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Jochen Gutsch Jochen Gutsch
photo John Frape, copyright Campbelltown Arts Centre
We hear Bronwyn Cumbo’s amplified violin before we see it. A forlorn melody heralds her entrance from behind a curtain. A second violin voice is soon added as Natalya Bing enters from the other side of the stage. The peripatetic violinists feed off each other, the music an improvisatory conversation until they reach their music stands and settle into a rhythmic ostinato. Jochen Gutsch takes to the stage on electric guitar, his sound dry and percussive. The final member of the quartet, Simeon Johnson, joins on electric cello. Described by Gutsch as “a truly collaborative work that has the handwriting of all four members in it,” the world premiere of Patches and Paths is the result of The Hinterlandt Ensemble’s week-long residency at Campbelltown Arts Centre.

The opening rhythmic figure intensifies before it segues into a more conventionally tonal idea: Gutsch strums a chord progression while the violins trace repeating scalic patterns. Johnson taps on his cello’s frame, sending a deep bass percussion beat through the speakers. This motif becomes an almost pop-style refrain throughout Patches and Paths that the ensemble returns to between more adventurous excursions.

The components of a drum kit are scattered between the players, drums and cymbals used to highlight cadences and climaxes—the suggestion of a drummer without the saturating repetition of a relentless drum beat. Distortion kicks in on electric guitar and cello, Gutsch’s rock background making itself heard. Despite the raw sound, the balance is sensitively controlled and the ensemble maintains the feeling of chamber music’s intimacy.

The music darkens; electronic pedal effects throb. Rhythm and pitch disintegrate and drift. Sweet high notes from Gutch’s guitar add a naivety that is soon undercut by the intensification of the electronic manipulation. Freer episodes such as this intersperse with the rhythmic patterns and chord progressions of rock and pop music. At one point the music shifts completely into an electronic world: synthetic warbles and slides flutter at Gutsch’s fingertips on a console. At other times the tonality is conventional, Gutsch strumming guitar or playing a nostalgic trumpet line over the string trio.

Patches and Paths reaches its conclusion fading into a wash of atmospheric electronica. Players leave the stage one by one, but Gutsch remains at the controls. Memories of earlier melodic material emerge from the fog of sound, but soon decay. Gutsch exits and the ambient noises dissipate into silence.

The first half of the concert comprised two acoustic works by Gutsch, written specifically for Hinterlandt. Alltagswelt (Everyday World) opens with a spiky repeating pattern on guitar. Bing and Cumbo join (staggered entries are a recurring theme) with short measured trills on violins before Johnson initiates a rising figure that passes around the strings. Gutsch alternates between guitar and trumpet; the five-movement work touches on genres including rock, folk and Spanish music, as well as improvisatory passages that wander into the atmospheric—a cloud of siren string glissandos and guitar slides.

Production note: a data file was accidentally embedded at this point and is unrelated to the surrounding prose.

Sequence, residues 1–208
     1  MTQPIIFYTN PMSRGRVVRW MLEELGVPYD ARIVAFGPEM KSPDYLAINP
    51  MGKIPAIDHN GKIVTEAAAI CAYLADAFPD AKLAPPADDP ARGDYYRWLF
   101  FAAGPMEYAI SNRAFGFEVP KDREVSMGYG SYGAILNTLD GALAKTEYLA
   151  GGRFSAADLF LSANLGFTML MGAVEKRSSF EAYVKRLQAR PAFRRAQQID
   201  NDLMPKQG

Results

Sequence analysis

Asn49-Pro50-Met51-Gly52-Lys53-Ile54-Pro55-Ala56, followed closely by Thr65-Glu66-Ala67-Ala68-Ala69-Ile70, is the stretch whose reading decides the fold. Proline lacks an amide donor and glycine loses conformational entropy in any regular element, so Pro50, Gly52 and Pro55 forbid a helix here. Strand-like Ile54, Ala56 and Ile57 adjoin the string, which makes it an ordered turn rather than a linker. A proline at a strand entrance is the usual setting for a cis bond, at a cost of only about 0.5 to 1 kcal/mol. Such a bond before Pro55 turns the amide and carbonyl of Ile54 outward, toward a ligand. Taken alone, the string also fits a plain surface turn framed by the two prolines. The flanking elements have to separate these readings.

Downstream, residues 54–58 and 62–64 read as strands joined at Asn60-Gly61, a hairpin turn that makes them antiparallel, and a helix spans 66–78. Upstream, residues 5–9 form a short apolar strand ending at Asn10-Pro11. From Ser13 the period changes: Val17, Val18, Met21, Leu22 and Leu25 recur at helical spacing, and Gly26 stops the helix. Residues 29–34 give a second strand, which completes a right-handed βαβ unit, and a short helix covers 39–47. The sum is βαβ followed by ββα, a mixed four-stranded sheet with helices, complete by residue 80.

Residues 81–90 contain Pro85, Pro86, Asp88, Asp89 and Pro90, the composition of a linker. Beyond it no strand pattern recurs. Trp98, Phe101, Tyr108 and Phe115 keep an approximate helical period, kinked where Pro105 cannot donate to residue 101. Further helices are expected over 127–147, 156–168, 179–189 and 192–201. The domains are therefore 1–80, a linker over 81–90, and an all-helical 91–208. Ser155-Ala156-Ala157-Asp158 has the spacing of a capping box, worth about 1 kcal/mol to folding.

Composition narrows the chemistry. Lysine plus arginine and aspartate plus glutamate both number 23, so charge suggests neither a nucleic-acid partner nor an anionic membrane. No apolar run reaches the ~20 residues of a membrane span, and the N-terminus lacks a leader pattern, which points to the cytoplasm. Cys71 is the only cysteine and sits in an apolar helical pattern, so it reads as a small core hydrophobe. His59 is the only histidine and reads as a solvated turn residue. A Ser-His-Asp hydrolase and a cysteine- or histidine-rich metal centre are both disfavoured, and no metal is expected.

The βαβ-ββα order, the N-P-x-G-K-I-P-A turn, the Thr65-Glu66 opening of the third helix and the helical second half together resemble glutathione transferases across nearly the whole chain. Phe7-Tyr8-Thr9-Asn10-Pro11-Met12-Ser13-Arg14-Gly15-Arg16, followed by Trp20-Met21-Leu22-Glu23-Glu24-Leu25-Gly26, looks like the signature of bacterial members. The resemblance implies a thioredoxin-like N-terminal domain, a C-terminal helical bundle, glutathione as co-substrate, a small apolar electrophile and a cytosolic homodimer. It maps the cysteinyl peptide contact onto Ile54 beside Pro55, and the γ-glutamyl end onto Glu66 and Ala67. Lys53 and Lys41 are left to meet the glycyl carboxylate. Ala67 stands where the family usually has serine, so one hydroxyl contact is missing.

Like Alltagswelt, Umgangswelt opens with a rhythmic pattern. Cumbo begins an unsettled heartbeat on xylophone, Bing joining on a second xylophone to fill the off-beats. The title translates less readily into English, but suggests interactions and social frameworks. Though Gutsch describes Alltagswelt and Umgangswelt as “similar in length, structure and aesthetics,” the colour palette of Umgangswelt is expanded: xylophones, glockenspiel, woodblock, bass recorder and bamboo wind chimes augment the regular line-up of violins, cello and Gutsch’s guitar and trumpet. The music meanders through disparate worlds: from layered rhythmic grooves to burlesque circus music.

Gutsch announces the encores as “fun” pieces. The first is “Tiny Ugly World” by psychedelic punk rock band Alice Donut. Gutsch sings and strums acoustic guitar, Cumbo, Bing and Johnson providing back-up vocals. Tom Waits’ “No One Knows I’m Gone” follows. Gutsch plays the vocal line on glockenspiel, an innocent chiming to replace the melancholy lyrics, while the string trio accompanies.

The Hinterlandt Ensemble expands the intimacy of classical chamber music to an eclectic fusion of styles. The long-form works took the audience on journeys through diverse sound worlds, the unconventional line-up of instruments creating unique possibilities and timbres. The wandering narratives could be unsatisfying at times; Patches and Paths in particular felt rather episodic. Fascinating ideas were presented but often passed by before they could be developed or explored in depth. That said, the ensemble’s cohesion and refined musicianship drew the audience in, inviting listeners to immerse themselves in shifting musical landscapes.


Jochen Gutsch & The Hinterlandt Ensemble, residency performance, Campbelltown Arts Centre, Sydney, 2 Oct

RealTime issue #130 Dec-Jan 2016 pg. 52

© Angus McPherson; for permission to reproduce apply to realtime@realtimearts.net

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